Plus, as anyone carefully tracking his expenses can attest to, dining out can also wreak havoc on your wallet. According to the USDA, a family of four eating moderately at home will spend about $245 per week on food—that’s half of what they’d shell out eating at restaurants.
And there’s more: It seems that eating high-fat restaurant meals may also affect cognitive abilities. In an Oxford University lab study, researchers found that rats eating a high-fat diet for several days showed signs of short-term memory loss and lower levels of brain function than those receiving a low-fat diet over the same period.
“There are a lot of parallels between good eating habits and good financial habits,” says Jeff Reeves, author of “The Frugal Investor’s Guide to Finding Great Stocks.” “If you don’t have the discipline to say no to junk food or count calories, you probably make a lot of impulse buys and have trouble balancing your checkbook. Self-control is the key to good financial health, as well as a healthy diet.”
How to Get Healthier “A good tip for your nutrition and finances is to plan your meals in advance,” Gavlak says. “Even if you plan to go out for a few meals during the week, it still helps prevent gut decisions to stop at a restaurant instead of eating a good, home-cooked meal.”
And feel free to take a few short-cuts if it means you’ll be motivated to maintain your healthy diet.
“Don’t feel guilty about spending a little extra money for prewashed spinach or precut carrots,” says Marguerita Cheng, a CFP® and C.E.O. of Blue Ocean Global Wealth in Rockville, Md. “If it means you eat at home and you eat better, it’s worth it.”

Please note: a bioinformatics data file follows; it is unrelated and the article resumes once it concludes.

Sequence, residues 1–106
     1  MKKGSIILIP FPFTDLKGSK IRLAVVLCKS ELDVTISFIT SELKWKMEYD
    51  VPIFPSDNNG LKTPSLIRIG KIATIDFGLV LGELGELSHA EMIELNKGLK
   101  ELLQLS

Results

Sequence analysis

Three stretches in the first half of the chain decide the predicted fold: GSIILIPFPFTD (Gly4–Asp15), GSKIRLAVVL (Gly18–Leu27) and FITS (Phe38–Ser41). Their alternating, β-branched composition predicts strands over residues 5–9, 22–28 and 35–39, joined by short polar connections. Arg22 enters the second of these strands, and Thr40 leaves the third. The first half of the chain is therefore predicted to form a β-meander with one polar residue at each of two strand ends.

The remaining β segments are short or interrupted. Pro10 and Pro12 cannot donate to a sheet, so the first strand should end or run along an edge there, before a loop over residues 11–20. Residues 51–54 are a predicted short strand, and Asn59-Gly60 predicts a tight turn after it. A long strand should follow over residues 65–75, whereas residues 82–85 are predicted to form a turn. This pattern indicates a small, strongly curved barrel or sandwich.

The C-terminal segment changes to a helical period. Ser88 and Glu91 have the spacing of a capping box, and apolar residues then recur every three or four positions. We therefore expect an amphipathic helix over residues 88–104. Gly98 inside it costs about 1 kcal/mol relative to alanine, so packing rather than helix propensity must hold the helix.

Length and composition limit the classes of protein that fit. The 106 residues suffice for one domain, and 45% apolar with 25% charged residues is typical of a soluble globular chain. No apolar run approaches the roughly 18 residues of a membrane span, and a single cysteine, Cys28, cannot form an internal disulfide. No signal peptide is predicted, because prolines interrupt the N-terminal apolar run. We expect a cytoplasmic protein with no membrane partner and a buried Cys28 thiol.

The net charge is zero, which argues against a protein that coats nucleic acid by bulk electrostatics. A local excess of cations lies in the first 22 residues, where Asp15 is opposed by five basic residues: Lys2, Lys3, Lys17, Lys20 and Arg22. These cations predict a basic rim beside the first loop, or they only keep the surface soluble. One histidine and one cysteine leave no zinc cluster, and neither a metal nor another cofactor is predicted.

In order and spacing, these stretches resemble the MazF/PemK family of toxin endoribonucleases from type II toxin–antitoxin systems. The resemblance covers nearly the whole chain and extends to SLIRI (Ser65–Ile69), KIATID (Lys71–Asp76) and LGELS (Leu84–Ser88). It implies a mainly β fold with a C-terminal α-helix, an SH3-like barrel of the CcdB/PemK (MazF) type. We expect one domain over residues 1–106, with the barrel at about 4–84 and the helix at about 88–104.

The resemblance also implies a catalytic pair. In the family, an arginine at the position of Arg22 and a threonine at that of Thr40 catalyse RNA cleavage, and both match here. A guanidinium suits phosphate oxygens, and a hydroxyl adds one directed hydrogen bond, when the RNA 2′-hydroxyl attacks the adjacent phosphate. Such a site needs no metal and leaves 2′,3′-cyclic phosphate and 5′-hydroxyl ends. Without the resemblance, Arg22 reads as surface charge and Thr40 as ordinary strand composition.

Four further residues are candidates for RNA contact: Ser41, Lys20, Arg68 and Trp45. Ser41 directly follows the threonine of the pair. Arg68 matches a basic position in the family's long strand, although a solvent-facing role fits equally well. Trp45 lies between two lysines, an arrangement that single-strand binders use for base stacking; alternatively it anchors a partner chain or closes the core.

Bonus tip: Instead of filling up on empty calories, add more energy-boosting foods to your diet, like almonds and blueberries, so you’ll have a clear mind to tackle your financial to-dos.
#3: How Exercise Affects Your Finances
We won’t sugarcoat it. Exercising regularly is no easy feat. But skip this good-for-you habit, and you’re likely to sacrifice more than just a smaller pant size.
For starters, regular exercise results in more energy for your brain, boosting your cognitive ability and sharpening your memory. So one consequence of staying sedentary could be that you’re operating at a significant disadvantage at work, compared to your more active coworkers.
You could also be missing out on a positive attitude that could help you tackle your finances head-on. “Exercise can improve confidence, which can help people make more informed decisions and take the meaningful actions necessary to reach their goals,” Cheng says.
In fact, Cheng says she often comes up with many of her most creative ideas after attending a cardio kickboxing or Zumba fitness class.
How to Get Healthier To fully gain the health benefits from exercise, try to clock about two and a half hours of exercise each week. If you need to ease into it, make it fun by incorporating more physical activity into your daily schedule—like, say, biking to work instead of driving, or watching your favorite TV show while on the elliptical.
The upshot? You’ll start to notice the benefits of sticking to healthy habits.
“In turn, you can take that experience and apply it to your financial goals,” Gavlak says. “If you want to pay off debt, increase your savings, or be ready to retire early, you’ll need discipline to stick to a long-term plan, much like regular exercise.”